• Causes more panic because the user is able to see their files, but will be unable to access them until the ransom is paid.
  • Even if the sum is paid, there is still a chance the device will be compromised.

How do you protect your business from ransomware attacks?

Two-thirds of finance executives at technology companies have increased their cyber-security spending in 2015 alone, demonstrating an increased focus on protecting business networks from hackers. Without the proper security measures in place, a business may increase its chances of a cyber-attack. However, there’s no guarantee a company will be invulnerable to a cyberattack and every organization should have a back-up solution in place that will allow the company to restore encrypted or compromised data without paying the ransom. A network compromise can have consequences beyond paying a ransom. Such negative effects include:

  • Business downtime
  • Loss of client trust
  • Lost contract revenue
  • Negative impact on company reputation
  • Intellectual property loss

At the 2015 Cybersecurity Summit, the FBI advised that businesses infected by ransomware should pay the requested ransom. A majority of ransoms range between $500 and $10,000, making it plausible for an organization to afford to pay the amount. Hackers understand that companies are more likely to pay a lesser amount to restore their files as quickly as possible.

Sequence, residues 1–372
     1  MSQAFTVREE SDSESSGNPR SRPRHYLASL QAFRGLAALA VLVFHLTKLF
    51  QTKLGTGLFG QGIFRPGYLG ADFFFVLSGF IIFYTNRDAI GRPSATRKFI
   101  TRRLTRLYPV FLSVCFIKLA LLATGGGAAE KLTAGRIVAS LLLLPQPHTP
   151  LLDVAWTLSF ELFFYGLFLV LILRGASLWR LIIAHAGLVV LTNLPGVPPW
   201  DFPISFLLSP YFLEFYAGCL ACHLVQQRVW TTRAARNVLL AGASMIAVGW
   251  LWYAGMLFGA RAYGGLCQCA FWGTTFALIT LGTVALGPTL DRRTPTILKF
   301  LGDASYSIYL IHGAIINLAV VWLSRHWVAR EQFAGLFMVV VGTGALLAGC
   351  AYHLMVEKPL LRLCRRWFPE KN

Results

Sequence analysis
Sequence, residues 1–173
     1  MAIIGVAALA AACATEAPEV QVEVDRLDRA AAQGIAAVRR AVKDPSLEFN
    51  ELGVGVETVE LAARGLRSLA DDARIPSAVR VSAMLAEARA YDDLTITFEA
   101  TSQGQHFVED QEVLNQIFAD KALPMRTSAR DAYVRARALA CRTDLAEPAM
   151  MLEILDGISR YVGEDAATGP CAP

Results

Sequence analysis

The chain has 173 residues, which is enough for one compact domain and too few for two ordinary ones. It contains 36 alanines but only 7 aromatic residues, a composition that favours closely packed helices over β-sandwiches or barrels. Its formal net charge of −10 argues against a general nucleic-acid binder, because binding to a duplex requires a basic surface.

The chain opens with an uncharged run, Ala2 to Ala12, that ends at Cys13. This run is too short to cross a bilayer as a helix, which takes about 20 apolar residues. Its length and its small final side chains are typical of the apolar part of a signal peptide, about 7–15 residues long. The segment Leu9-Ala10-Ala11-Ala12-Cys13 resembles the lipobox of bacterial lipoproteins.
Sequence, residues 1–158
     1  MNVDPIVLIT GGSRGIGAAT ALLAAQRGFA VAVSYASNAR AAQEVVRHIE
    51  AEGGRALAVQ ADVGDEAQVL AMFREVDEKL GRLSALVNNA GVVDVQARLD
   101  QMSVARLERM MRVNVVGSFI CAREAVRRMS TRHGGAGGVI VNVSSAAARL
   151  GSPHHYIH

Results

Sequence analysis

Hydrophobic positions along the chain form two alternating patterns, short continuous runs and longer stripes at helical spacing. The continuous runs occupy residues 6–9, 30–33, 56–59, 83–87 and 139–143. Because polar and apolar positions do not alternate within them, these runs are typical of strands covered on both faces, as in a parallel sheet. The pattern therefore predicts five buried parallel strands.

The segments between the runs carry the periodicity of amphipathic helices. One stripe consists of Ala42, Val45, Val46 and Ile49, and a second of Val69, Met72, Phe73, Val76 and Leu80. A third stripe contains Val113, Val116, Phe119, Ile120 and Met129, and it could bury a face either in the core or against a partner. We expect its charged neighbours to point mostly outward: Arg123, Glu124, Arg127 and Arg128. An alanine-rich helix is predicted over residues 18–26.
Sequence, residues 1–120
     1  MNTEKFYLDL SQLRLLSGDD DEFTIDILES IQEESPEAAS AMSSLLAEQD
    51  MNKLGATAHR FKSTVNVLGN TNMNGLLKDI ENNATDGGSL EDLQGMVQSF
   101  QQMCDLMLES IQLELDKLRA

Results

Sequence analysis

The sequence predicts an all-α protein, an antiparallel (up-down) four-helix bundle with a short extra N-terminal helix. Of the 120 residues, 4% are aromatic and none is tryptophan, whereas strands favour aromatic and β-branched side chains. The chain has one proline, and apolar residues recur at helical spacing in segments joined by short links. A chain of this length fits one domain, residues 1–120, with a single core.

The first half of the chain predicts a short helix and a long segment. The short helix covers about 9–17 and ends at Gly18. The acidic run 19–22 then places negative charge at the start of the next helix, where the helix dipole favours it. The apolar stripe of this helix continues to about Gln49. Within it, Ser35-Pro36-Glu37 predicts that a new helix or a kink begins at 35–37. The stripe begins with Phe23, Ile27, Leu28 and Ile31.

However, IT professionals warn against the FBI’s advice and claim that the more ransoms that are paid, the more incentive cybercriminals will have to continue their hacking attempts. Instead of paying the requested amount, experts advise that businesses have a back-up solution in place from which they can restore their data. In addition, an organization should implement the necessary security, education, and proactive protocols necessary to minimize its vulnerability to a ransomware attack. A business should take the following steps to safeguard its network and reputation.

  • Regularly educate employees
  • Layer anti-malware, antivirus, and anti-ransomware programs
  • Make sure all software is updated to the latest version
  • Install pop-up blockers
  • Beware of links or emails sent from an unknown source
  • Implement an automatic, remote back-up solution not connected to the rest of the network
  • Run a virus check if you think your network security has been compromised

The best defense against malware and ransomware is education. It is important for business of any size and in any industry to be aware of what threats are out there. And as business owners educate their employees on the harmful effects of cybersecurity, the best practices are developed to avoid falling victim to their threats. Keeping businesses’ data, their clients’ data and the continuity of the company secure.

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About Author

Patrick Wiley is the CEO of Aldridge and has been with the company for 12 years. Wiley is responsible for translating strategic direction into the day-to-day operations of Aldridge. He oversees all aspects of the company’s operations, including all services, new business development, finance, sales, legal and human resources. Wiley also leads all of Aldridge’s significant mergers and acquisitions activities.